Trabecular bone (TB) is a complex quasi-random network of interconnected struts and plates. TB constantly remodels to adapt dynamically to the stresses to which it is subjected (Wolff's Law). In osteoporosis, this dynamic equilibrium between bone formation and resorption is perturbed, leading to bone loss and structural deterioration, both increasing fracture risk. Most osteoporotic fractures occur at sites rich in TB (vertebrae, radius, proximal femur). Bone's mechanical competence can only be partly explained by variations in bone mineral density (BMD), which led to the notion of bone quality, chief among which is architecture as a determinant of TB strength. Recent advances in CT and MRI now allow imaging of TB in vivo. However, the limited SNR precludes voxel sizes much smaller than TB thickness (100-150?m), therefore resulting in images that are inherently fuzzy. Therefore, most conventional histomorphometric approaches to TB structure assessment are not applicable to in vivo resolution regime. This proposal introduces a new morphometric index called tensor scale (t-scale) to measure quality of TB micro architecture via in vivo imaging and designs experimental plans to evaluate reproducibility and sensitivity of t-scale-based TB architectural measures. Also, we will examine their strengths to detect TB architectural changes in response to disease or treatment progression. The fundamental principle of t-scale is to fit an ellipsoid to a local structure. The unique property of t-scale is that the ellipsoid's shape, orientation and size simultaneously determine the topology (plates vs rods), orientation and scale of trabeculae. Our major goals in this project are - (1) to develop the methodology for computing t-scale-based architectural measures from TB images, (2) to evaluate the sensitivity and reproducibility of t-scale-based measures, (3) to examine t-scale measures'ability to predict experimental biomechanical parameters of TB specimens and (4) to examine the sensitivity of t-scale measures to detect the effects of osteoporotic TB loss and antiresorptive treatment via in vivo MRI. The proposed method will (1) obviate the need for binarization, (2) characterize topology, orientation and scale without the need for skeletonization and (3) detect early TB architectural changes in response to treatment or disease progression. The central hypothesis is that the new parameters are more sensitive to detecting remodeling effects and more reproducible than conventional measures. Sensitivity and reproducibility of the new method will be evaluated using synthetic TB networks, micro-CT and ex vivo MR imaging of TB cores from cadaveric distal radii along with experimental biomechanical data, MR images of intact specimens and of human subjects, and finally, patient data from clinical studies previously funded by the NIH. Our objective is to apply t-scale based analysis methods to longitudinal and cross-sectional imaging studies for assessing bone quality.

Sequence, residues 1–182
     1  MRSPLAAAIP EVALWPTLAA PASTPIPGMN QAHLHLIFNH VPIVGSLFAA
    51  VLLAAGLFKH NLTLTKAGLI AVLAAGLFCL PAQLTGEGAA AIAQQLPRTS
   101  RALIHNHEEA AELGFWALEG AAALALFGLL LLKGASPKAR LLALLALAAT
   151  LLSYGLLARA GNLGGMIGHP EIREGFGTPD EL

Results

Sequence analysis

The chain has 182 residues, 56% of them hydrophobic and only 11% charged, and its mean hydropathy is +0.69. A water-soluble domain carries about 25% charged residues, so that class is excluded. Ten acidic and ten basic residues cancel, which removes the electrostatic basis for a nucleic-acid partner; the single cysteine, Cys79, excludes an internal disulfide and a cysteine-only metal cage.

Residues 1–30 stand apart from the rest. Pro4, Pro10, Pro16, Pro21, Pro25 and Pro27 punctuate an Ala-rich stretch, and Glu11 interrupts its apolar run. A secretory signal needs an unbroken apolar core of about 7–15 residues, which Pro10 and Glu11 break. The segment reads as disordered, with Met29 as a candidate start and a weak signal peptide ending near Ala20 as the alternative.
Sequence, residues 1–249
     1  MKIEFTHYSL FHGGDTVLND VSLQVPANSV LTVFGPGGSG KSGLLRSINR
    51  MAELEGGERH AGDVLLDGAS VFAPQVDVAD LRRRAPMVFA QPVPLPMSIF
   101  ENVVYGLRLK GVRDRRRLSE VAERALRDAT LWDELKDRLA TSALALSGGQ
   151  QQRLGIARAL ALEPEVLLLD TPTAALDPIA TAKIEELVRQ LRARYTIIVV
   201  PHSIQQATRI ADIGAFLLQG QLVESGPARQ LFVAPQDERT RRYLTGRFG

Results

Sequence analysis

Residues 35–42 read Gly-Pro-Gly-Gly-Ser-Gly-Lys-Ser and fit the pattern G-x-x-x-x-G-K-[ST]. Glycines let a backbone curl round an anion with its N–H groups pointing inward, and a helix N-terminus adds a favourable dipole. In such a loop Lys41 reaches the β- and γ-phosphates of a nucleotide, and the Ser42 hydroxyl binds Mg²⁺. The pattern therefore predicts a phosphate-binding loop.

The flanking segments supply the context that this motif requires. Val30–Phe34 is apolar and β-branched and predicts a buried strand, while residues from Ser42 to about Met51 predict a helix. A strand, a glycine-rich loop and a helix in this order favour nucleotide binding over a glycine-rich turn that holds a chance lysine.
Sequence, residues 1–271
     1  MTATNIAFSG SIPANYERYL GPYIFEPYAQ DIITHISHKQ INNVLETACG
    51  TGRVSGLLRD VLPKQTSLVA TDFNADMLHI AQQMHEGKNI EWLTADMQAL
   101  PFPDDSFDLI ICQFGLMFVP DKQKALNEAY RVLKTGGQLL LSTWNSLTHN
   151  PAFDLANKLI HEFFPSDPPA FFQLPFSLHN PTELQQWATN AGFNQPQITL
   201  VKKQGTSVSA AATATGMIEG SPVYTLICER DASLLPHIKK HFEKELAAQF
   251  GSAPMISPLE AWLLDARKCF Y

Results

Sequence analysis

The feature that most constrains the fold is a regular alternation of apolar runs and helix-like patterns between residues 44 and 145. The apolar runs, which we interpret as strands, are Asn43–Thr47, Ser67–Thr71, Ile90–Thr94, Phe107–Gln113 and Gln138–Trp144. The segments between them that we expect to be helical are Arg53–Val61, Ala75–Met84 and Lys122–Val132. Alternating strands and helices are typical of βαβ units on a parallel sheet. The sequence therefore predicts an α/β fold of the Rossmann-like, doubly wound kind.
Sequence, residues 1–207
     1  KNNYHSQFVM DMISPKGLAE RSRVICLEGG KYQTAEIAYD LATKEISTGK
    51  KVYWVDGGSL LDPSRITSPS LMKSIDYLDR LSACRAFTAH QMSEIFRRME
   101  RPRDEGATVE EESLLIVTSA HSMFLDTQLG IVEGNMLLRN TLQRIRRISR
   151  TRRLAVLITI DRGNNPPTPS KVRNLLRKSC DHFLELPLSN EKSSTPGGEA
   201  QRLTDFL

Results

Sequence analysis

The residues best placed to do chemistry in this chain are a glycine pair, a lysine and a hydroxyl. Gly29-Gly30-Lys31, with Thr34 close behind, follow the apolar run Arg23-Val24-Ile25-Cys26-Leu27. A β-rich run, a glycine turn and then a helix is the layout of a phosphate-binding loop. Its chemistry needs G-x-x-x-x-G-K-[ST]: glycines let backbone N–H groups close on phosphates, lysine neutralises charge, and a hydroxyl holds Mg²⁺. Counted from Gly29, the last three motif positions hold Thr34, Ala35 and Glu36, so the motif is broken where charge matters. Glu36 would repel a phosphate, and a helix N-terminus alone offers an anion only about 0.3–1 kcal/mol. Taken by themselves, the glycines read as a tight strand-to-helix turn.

PROJECTIVE NARATIVE This project will develop an advanced technology for trabecular bone (TB) quality assessment via in vivo imaging which will enable early detection of TB micro-architectural changes in response to treatment or bone disease including osteoporosis. Osteoporosis is a major public health threat and in the U.S. only, 10 million individuals (eight million are women and two million are men) are estimated to already have the disease and almost 34 million more are estimated to have low bone mass, placing them at increased risk for osteoporosis. The technology proposed in the project will be helpful to diagnose patients at early stage of the disease and routinely monitor their disease status or effects of therapeutic treatments.
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